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Graft-transmissible agents found in `Ta Tao 5' peach have been associated with phenological changes, including delay in bloom, reduced shoot vigor, and early autumn defoliation. Peach Latent Mosaic Viroid (PLMVd) is present as a graft-transmissible agent in `Ta Tao 5'. In order to further characterize the changes occurring in trees exposed to PLMVd from `Ta Tao 5' grafts, total fatty acid content was measured for peach buds during chilling accumulation and release from dormancy in `Coronet' peach trees and `Coronet' trees treated with `Ta Tao 5' bud grafts. Palmitic (16:0), stearic (18:0), oleic (18:1), linoleic (18:2), and linolenic (18:3) acids were the major fatty acids in dormant and releasing peach buds of both the controls and treated trees. The degree of unsaturation increased immediately following completion of chilling requirement in both the untreated controls and in the treated trees. However, the desaturation of linoleic acid to linolenic acid was significantly inhibited in the trees treated with `Ta Tao 5' bud grafts, which was accompanied by a concomitant delay in the resumption of growth. The disparity between the control and treated trees in the trend toward increased fatty acid unsaturation continued through the resumption of growth. The changes in degree of fatty acid saturation correlated with a response to forcing conditions and the release from dormancy. The presence of PLMVd in `Coronet' peach trees affects membrane fatty acid saturation during chilling accumulation and dormancy release. These findings suggest that metabolic pathways involving fatty acid desaturation are linked to the phenotypic variation in trees exposed to PLMVd.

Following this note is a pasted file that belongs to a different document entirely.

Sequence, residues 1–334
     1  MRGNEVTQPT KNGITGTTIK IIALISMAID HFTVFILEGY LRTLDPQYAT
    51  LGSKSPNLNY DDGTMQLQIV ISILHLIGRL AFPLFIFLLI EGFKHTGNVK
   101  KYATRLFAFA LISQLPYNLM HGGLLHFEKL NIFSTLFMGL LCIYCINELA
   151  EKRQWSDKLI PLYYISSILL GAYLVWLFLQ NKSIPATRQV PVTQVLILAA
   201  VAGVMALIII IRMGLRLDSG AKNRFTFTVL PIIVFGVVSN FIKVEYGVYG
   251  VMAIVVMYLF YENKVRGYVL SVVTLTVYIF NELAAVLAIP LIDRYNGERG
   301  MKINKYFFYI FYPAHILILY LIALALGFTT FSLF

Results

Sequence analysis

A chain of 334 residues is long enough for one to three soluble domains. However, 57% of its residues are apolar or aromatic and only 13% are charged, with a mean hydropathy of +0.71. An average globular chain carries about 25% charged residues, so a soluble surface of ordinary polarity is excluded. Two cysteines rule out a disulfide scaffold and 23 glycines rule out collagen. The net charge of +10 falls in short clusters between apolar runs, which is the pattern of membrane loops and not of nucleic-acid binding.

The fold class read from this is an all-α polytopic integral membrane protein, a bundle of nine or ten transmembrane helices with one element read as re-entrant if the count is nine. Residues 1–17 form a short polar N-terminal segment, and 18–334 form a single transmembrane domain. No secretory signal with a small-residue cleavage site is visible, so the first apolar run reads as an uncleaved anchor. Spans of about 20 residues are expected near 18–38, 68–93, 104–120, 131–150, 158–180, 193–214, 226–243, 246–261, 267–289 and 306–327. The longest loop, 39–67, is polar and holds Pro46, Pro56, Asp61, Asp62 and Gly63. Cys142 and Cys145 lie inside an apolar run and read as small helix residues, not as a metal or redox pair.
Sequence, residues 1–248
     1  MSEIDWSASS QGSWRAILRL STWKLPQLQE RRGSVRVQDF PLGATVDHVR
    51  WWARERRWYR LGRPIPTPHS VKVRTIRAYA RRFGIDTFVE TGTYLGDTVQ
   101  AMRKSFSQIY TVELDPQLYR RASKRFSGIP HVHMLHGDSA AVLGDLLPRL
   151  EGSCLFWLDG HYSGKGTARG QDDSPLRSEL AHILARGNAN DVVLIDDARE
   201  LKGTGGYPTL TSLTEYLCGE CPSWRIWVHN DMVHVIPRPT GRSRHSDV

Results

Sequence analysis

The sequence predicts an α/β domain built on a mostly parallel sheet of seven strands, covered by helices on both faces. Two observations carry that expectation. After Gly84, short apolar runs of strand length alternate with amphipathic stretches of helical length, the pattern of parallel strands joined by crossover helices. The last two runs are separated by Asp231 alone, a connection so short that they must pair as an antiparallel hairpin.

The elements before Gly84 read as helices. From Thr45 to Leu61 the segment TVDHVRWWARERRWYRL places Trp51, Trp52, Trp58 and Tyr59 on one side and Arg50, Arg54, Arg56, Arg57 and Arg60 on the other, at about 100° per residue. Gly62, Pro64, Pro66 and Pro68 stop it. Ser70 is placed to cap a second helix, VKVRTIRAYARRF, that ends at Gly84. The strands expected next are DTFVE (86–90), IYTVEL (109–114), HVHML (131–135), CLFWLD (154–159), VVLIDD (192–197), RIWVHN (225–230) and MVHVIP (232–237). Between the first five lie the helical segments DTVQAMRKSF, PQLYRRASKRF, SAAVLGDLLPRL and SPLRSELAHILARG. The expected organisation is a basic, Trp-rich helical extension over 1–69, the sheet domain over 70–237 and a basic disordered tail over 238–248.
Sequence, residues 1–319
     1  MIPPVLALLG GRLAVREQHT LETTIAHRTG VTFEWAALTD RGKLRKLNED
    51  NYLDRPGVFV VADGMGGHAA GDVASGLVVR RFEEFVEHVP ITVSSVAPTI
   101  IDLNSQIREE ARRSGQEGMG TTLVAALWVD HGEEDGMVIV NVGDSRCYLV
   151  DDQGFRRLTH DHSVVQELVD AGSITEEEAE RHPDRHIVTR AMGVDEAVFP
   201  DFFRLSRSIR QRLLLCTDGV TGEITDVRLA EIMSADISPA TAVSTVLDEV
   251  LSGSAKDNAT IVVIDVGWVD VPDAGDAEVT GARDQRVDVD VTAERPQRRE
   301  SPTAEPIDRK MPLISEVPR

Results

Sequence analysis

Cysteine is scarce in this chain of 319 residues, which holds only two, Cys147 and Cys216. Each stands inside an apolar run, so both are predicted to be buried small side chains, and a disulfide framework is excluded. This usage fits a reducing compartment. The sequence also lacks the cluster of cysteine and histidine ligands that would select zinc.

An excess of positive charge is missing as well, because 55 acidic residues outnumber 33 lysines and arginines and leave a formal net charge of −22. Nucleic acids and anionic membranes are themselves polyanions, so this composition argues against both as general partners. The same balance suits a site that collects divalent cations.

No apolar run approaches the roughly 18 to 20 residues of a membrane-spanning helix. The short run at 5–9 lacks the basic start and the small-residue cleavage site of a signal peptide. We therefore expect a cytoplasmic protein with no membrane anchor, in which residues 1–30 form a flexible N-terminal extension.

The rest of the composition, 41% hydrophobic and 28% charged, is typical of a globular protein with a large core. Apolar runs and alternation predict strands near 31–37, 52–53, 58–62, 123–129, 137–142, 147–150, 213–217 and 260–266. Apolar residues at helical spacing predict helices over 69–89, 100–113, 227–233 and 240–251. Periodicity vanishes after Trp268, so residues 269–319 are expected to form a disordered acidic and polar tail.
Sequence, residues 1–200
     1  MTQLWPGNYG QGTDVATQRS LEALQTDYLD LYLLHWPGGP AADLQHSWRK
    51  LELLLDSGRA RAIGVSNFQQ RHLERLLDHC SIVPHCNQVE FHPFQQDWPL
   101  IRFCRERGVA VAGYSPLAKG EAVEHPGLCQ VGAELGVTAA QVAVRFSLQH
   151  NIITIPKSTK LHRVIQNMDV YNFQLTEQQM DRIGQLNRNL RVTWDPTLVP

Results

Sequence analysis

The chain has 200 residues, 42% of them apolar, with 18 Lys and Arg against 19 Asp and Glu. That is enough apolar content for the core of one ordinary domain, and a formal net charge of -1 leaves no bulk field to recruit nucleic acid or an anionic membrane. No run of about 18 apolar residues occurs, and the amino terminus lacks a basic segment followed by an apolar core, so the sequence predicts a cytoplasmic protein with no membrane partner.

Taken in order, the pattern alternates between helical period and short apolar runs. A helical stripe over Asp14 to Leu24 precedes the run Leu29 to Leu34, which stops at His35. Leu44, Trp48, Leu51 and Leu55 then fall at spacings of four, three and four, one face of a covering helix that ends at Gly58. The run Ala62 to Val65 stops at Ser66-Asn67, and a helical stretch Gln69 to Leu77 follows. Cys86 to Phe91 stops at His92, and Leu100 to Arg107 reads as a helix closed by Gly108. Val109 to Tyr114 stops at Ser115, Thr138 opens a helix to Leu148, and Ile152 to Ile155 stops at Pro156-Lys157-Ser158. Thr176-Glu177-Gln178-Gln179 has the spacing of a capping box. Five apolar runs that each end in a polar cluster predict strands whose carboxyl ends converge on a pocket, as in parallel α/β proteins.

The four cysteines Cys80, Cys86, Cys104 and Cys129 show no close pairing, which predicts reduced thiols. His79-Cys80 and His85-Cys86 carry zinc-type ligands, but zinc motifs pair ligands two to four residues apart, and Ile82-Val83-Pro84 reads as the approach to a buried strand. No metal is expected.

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Peach [Prunus persica (L.) Batsch (Peach Group)] trees infected with peach latent mosaic viroid (PLMVd) have been associated with phenological changes including delay in bloom, reduced shoot vigor, and early autumn defoliation. In order to further characterize the changes occurring in trees inoculated with PLMVd, total fatty acid content was measured for floral buds during release from dormancy in `Coronet' peach trees. Palmitic (16:0), stearic (18:0), oleic (18:1), linoleic (18:2), and linolenic (18:3) acids were the major fatty acids in dormant and releasing peach buds of both control and PLMVd-inoculated (VI) trees. The degree of unsaturation increased immediately following release from dormancy in both the control and VI trees. However, desaturation of linoleic acid to linolenic acid was significantly inhibited in VI trees, which was accompanied by a concomitant delay in the resumption of growth. The disparity between the control and VI trees in the progression of increased fatty acid unsaturation continued through petal fall. The presence of PLMVd in `Coronet' peach trees slowed membrane fatty acid desaturation during release from dormancy and suggested that metabolic pathways involving fatty acid desaturation were linked to the delayed phenology of the VI trees.